Collins v. Collins et al
ORDER that Defendants' motion for leave to file medical records under seal (ECF No. 182 ) is GRANTED as to Exhibits D and E, and DENIED as to Exhibits A and I. Defendants shall ensure that Plaintiff is give prompt and reasonable access to review Exhibits A and I (as well as exhibits D and E). Signed by Magistrate Judge William G. Cobb on 12/11/2018. (Copies have been distributed pursuant to the NEF - LH)
UNITED STATES DISTRICT COURT
DISTRICT OF NEVADA
3 RONALD COLLINS,
Case No.: 3:16-cv-00111-MMD-WGC
Re: ECF No. 182
6 JOSHUA COLLINS, et. al.
Before the court is Defendants' motion for leave to file medical records under seal. (ECF
10 No. 182.) Plaintiff has filed a response. (ECF No. 188.) Defendants filed a reply. (ECF No. 190.)
In this motion, Defendants seek to file under seal exhibits A, D, E and I, that support their
12 motion for summary judgment. Exhibit A is a video of the interaction with Plaintiff that
13 Defendants assert Plaintiff is not allowed to keep in his cell. Exhibits D and E contain Plaintiff's
14 medical Records. Exhibit I contains classification documents that Defendants contend Plaintiff
15 may not keep in his cell.
"Historically, courts have recognized a general right to inspect and copy public records
17 and documents, including judicial records and documents." Kamakana v. City and County of
18 Honolulu, 447 F.3d 1172, 1178 (9th Cir. 2006) (internal quotation marks and citation omitted).
19 "'Throughout our history, the open courtroom has been a fundamental feature of the American
20 judicial system. Basic principles have emerged to guide judicial discretion respecting public
21 access to judicial proceedings. These principles apply as well to the determination of whether to
22 permit access to information contained in court documents because court records often provide
23 important, sometimes the only, bases or explanations for a court's decision.'" Oliner v.
1 Kontrabecki, 745 F.3d 1024, 1025 (9th Cir. 2014) (quoting Brown & Williamson Tobacco Corp.
2 v. F.T.C., 710 F.2d 1165, 1177 (6th Cir. 1983)).
Documents that have been traditionally kept secret, including grand jury transcripts and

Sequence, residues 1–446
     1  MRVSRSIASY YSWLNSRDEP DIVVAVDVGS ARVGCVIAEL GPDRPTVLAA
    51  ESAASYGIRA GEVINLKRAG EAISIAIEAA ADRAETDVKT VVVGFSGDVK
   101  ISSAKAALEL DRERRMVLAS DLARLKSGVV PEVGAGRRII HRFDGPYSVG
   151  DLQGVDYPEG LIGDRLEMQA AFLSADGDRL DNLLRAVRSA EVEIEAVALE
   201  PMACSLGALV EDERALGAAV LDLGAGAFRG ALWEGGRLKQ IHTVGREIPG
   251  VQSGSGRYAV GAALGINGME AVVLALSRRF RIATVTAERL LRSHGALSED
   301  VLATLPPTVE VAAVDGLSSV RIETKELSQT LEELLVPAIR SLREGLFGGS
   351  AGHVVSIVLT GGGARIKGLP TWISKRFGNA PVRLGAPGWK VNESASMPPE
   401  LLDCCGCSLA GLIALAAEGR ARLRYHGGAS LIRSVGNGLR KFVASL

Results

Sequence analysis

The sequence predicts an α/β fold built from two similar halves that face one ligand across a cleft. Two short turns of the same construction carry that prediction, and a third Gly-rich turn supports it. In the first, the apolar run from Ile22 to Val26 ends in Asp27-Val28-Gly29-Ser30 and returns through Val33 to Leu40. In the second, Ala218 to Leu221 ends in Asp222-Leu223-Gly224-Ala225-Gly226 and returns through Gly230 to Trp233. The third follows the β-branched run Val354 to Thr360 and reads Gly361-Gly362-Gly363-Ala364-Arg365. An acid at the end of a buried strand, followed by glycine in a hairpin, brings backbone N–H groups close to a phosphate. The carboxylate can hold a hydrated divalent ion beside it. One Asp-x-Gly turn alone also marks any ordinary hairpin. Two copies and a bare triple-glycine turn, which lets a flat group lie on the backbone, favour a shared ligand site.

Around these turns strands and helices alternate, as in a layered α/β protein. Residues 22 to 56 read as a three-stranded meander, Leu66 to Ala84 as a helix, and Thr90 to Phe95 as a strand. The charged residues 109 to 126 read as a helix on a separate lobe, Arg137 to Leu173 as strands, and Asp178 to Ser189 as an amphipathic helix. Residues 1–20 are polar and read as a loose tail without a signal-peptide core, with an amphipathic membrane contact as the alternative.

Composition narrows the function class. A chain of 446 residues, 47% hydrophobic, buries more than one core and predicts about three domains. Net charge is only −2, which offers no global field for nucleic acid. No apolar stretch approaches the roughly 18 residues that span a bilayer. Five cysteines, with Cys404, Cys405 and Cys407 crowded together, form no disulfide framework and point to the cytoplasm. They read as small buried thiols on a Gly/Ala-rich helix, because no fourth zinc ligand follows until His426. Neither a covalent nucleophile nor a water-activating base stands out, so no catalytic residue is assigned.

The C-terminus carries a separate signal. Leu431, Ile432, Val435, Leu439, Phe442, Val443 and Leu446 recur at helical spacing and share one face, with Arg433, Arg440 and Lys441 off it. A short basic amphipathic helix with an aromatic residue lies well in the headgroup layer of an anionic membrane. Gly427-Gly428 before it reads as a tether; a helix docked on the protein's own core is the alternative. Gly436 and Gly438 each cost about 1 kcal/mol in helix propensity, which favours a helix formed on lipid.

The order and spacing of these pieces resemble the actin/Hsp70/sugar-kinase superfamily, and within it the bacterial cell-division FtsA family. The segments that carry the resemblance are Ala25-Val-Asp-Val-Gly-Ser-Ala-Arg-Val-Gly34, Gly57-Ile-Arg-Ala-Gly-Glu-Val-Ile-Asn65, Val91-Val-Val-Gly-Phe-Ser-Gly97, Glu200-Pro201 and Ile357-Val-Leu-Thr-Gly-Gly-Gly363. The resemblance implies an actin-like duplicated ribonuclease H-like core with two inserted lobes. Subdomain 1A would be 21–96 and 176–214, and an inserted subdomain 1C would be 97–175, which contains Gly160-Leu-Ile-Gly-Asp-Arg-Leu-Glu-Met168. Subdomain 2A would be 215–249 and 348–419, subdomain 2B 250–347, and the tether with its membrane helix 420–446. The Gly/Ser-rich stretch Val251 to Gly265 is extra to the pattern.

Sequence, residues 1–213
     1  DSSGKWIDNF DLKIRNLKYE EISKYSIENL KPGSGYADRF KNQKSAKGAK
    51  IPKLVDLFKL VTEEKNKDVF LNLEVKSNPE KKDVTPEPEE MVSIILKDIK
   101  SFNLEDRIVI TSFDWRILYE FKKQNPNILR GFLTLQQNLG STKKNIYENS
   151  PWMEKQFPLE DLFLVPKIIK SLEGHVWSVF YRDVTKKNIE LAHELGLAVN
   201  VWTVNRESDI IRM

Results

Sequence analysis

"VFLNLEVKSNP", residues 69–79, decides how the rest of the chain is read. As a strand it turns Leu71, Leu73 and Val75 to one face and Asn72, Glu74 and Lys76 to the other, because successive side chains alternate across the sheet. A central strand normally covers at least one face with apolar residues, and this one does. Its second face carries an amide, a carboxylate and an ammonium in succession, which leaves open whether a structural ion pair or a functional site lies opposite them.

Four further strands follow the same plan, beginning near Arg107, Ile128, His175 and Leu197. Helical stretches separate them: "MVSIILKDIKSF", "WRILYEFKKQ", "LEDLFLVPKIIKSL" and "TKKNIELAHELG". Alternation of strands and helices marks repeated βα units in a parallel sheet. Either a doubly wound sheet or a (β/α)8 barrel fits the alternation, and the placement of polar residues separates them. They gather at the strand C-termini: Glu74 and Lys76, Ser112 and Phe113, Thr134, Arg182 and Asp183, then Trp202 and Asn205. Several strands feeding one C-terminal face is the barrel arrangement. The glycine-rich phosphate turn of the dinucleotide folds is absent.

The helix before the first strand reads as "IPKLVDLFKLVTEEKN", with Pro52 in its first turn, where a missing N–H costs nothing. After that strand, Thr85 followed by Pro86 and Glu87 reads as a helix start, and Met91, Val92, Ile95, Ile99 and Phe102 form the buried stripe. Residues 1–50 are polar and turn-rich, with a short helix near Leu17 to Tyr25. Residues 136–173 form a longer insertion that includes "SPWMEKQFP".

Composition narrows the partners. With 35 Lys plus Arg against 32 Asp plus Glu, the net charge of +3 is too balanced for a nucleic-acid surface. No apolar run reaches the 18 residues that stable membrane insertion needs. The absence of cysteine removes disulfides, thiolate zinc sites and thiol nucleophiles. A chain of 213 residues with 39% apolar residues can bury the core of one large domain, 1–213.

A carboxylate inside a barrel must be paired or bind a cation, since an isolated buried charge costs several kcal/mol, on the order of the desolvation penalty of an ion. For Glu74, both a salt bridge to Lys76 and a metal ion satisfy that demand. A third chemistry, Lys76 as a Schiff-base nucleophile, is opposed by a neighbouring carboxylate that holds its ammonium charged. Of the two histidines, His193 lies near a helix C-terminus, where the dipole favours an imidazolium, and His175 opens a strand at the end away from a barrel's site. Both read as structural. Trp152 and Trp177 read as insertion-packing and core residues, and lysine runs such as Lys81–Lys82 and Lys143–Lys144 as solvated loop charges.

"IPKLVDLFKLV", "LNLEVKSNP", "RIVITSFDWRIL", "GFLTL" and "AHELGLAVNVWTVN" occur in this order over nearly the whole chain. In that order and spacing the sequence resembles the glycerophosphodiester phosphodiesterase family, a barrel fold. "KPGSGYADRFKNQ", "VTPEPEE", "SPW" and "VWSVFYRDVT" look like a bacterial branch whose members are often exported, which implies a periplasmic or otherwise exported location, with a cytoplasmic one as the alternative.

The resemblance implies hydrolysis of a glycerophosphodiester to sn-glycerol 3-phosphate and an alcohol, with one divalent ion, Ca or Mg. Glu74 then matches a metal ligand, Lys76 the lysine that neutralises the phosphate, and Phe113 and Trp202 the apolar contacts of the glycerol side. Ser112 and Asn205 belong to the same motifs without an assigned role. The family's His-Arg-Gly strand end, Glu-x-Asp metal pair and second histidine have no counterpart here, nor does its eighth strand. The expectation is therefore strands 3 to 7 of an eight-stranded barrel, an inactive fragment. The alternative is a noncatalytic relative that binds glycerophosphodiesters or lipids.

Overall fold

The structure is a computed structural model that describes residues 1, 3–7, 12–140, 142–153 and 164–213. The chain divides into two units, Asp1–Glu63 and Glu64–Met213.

4 warrant materials in a pre-indictment investigation, come within an exception to the general right
5 of public access. See Kamakana, 447 F.3d at 1178. Otherwise, "a strong presumption in favor of
6 access is the starting point." Id. (internal quotation marks and citation omitted). "The
7 presumption of access is 'based on the need for federal courts, although independent—indeed,
8 particularly because they are independent—to have a measure of accountability and for the
9 public to have confidence in the administration of justice.'" Center for Auto Safety v. Chrysler
10 Group, LLC, 809 F.3d 1092, 1096 (9th Cir. 2016), cert. denied, 137 S.Ct. 38 (Oct. 3, 2016)
11 (quoting United States v. Amodeo (Amodeo II), 71 F.3d 1044, 1048 (2nd Cir. 1995); Valley
12 Broad Co. v. U.S. Dist. Ct., D. Nev., 798 F.2d 1289, 1294 (9th Cir. 1986)).
There are two possible standards a party must address when it seeks to file a document
14 under seal: the compelling reasons standard or the good cause standard. Center for Auto Safety,
15 809 F.3d at 1096-97. Under the compelling reasons standard, "a court may seal records only
16 when it finds 'a compelling reason and articulate[s] the factual basis for its ruling, without
17 relying on hypothesis or conjecture.'" Id. (quoting Kamakana, 447 F.3d at 1179). The court must
18 "'conscientiously balance[ ] the competing interests of the public and the party who seeks to keep
19 certain judicial records secret.'" Id. "What constitutes a 'compelling reason' is 'best left to the
20 sound discretion of the trial court.'" Id. (quoting Nixon v. Warner Comm., Inc., 435 U.S. 589, 599
21 (1978)). "Examples include when a court record might be used to 'gratify private spite or
22 promote public scandal,' to circulate 'libelous' statements, or 'as sources of business information
23 that might harm a litigant's competitive standing.'" Id.
The good cause standard, on the other hand, is the exception to public access that has